My Lords, I thank my noble friend Lord Clement-Jones and the noble Lord, Lord Stevenson, for their overarching welcome for the thrust of what we are seeking to achieve. I understand my noble friend Lord Clement-Jones’s reference to stately progress. It is sometimes important to get it right, but I understand the frustrations when things take rather longer than one would wish. My noble friend used the words “the right balance”. The Government have sought to find the right balance. The whole purpose of this is to ensure that the activities that we seek to deregulate are at the lower risk end. This is not about in any way changing the main thrust of what is required if there were problems.
On audience limits for live music, we believe—and this is something that has been felt across the piece generally—that 500 achieves a fair balance between promoting creativity and ensuring the sustainability of live music and entertainment yet at the same time protecting local communities from unwanted noise nuisance. In the end, where people run these events, they will be part of the local community, and where you have live music, very often it will affect people in the community who might well go to the pub or to various events. We have this safety mechanism in that when someone has an alcohol licence and the music is causing a problem, there are ways in which the licensing authority can trigger reimposition of sanctions. We have been seeking to achieve the right balance here.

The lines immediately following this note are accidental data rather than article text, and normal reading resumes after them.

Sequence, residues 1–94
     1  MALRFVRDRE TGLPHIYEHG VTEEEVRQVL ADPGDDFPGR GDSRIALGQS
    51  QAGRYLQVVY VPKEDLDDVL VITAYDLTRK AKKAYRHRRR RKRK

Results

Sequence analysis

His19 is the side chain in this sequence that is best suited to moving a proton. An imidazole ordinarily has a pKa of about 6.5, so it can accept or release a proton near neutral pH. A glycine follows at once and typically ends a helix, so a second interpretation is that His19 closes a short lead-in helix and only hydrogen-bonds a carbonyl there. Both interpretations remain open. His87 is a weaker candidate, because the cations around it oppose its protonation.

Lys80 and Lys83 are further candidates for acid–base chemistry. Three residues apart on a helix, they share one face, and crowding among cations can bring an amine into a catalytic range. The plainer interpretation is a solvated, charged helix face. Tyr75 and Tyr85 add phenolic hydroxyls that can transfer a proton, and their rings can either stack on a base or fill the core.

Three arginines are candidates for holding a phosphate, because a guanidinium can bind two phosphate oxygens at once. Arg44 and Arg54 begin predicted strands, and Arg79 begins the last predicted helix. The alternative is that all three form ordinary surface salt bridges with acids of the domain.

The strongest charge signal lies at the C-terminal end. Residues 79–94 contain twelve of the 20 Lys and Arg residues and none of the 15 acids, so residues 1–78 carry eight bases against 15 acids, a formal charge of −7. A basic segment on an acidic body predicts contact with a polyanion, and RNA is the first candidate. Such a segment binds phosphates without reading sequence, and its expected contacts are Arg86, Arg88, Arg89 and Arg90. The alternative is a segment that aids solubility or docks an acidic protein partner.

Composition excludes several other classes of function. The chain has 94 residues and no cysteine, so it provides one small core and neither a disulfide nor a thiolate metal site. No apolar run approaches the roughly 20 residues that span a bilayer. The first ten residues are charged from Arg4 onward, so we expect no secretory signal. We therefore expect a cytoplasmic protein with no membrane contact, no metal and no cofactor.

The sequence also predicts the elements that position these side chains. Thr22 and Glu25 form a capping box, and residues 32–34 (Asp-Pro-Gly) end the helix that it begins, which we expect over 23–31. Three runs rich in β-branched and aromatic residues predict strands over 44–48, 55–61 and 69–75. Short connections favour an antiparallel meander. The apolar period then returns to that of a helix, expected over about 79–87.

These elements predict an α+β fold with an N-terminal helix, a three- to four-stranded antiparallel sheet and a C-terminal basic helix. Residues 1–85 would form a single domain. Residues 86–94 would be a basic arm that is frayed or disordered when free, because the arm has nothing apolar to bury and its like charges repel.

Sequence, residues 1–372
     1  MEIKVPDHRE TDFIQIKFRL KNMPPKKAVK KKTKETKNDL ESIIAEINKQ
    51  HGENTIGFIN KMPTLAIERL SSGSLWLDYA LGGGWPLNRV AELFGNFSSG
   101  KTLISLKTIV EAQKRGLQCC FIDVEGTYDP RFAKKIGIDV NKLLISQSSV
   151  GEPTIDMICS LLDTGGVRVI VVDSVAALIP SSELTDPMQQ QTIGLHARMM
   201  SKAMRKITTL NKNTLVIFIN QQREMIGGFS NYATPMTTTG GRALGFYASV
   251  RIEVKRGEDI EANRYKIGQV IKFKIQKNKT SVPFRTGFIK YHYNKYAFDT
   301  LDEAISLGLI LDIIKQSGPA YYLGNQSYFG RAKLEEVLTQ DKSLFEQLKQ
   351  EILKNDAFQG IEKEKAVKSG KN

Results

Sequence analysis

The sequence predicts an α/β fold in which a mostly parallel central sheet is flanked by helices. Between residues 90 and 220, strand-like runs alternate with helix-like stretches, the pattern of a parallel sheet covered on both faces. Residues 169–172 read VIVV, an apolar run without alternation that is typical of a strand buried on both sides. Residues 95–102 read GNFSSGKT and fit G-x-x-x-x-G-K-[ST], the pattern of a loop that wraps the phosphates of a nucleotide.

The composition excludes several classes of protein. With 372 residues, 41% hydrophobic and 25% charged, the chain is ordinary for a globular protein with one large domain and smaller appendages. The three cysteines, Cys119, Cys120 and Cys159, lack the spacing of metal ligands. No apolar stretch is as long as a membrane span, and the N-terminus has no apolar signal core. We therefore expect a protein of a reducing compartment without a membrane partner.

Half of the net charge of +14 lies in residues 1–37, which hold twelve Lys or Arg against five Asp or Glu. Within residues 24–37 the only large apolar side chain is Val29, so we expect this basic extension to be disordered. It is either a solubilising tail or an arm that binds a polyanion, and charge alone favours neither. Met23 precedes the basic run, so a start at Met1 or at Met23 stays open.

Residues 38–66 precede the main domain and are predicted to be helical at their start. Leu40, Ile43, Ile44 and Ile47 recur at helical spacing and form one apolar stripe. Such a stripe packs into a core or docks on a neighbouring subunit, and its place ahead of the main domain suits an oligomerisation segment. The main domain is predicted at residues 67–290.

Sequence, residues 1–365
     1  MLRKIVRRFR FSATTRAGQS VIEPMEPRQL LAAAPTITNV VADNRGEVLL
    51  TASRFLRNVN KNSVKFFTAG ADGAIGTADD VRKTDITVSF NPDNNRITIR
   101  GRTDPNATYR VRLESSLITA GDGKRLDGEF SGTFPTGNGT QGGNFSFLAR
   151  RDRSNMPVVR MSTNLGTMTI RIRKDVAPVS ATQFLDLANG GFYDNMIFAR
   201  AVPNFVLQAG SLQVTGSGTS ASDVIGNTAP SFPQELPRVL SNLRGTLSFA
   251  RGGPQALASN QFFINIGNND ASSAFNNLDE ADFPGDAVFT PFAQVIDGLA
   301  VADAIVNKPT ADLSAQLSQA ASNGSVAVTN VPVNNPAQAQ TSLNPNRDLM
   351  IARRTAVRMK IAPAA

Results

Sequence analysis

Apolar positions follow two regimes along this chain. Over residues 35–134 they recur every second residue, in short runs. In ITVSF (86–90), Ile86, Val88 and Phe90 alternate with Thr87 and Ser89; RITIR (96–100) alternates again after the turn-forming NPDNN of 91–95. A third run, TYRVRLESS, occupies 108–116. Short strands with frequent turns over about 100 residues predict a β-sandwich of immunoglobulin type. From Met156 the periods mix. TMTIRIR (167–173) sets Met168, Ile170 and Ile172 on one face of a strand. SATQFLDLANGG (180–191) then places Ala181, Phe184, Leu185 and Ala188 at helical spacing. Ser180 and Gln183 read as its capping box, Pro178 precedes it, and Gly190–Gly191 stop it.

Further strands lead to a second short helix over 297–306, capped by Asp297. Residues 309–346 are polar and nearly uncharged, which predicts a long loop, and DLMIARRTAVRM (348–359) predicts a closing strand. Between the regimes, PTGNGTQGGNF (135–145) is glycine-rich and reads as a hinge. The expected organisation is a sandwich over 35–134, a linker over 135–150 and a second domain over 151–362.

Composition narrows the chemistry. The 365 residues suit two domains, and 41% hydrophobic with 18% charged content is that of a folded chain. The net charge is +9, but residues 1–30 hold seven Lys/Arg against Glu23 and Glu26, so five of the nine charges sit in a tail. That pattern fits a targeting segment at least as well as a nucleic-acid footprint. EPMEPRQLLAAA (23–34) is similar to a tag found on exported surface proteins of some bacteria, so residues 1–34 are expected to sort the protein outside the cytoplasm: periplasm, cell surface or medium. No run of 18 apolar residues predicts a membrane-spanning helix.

I will deal with the other points in no particular order. I am very much at one with the noble Lord, Lord Stevenson of Balmacara, in not being an expert on Greco-Roman or indeed freestyle wrestling. These types of wrestling are ancient combat sports where a competitor seeks to gain control over his or her opponent through the use of throws, locks and clinching techniques. In the Greco-Roman discipline, competitors may not attack their opponent’s legs or use their own legs to trip, lift or execute other moves. It has to take place in a controlled environment and usually takes place in seated indoor arenas. For those reasons, it was considered that spectator safety can be safeguarded for those particular types of wrestling.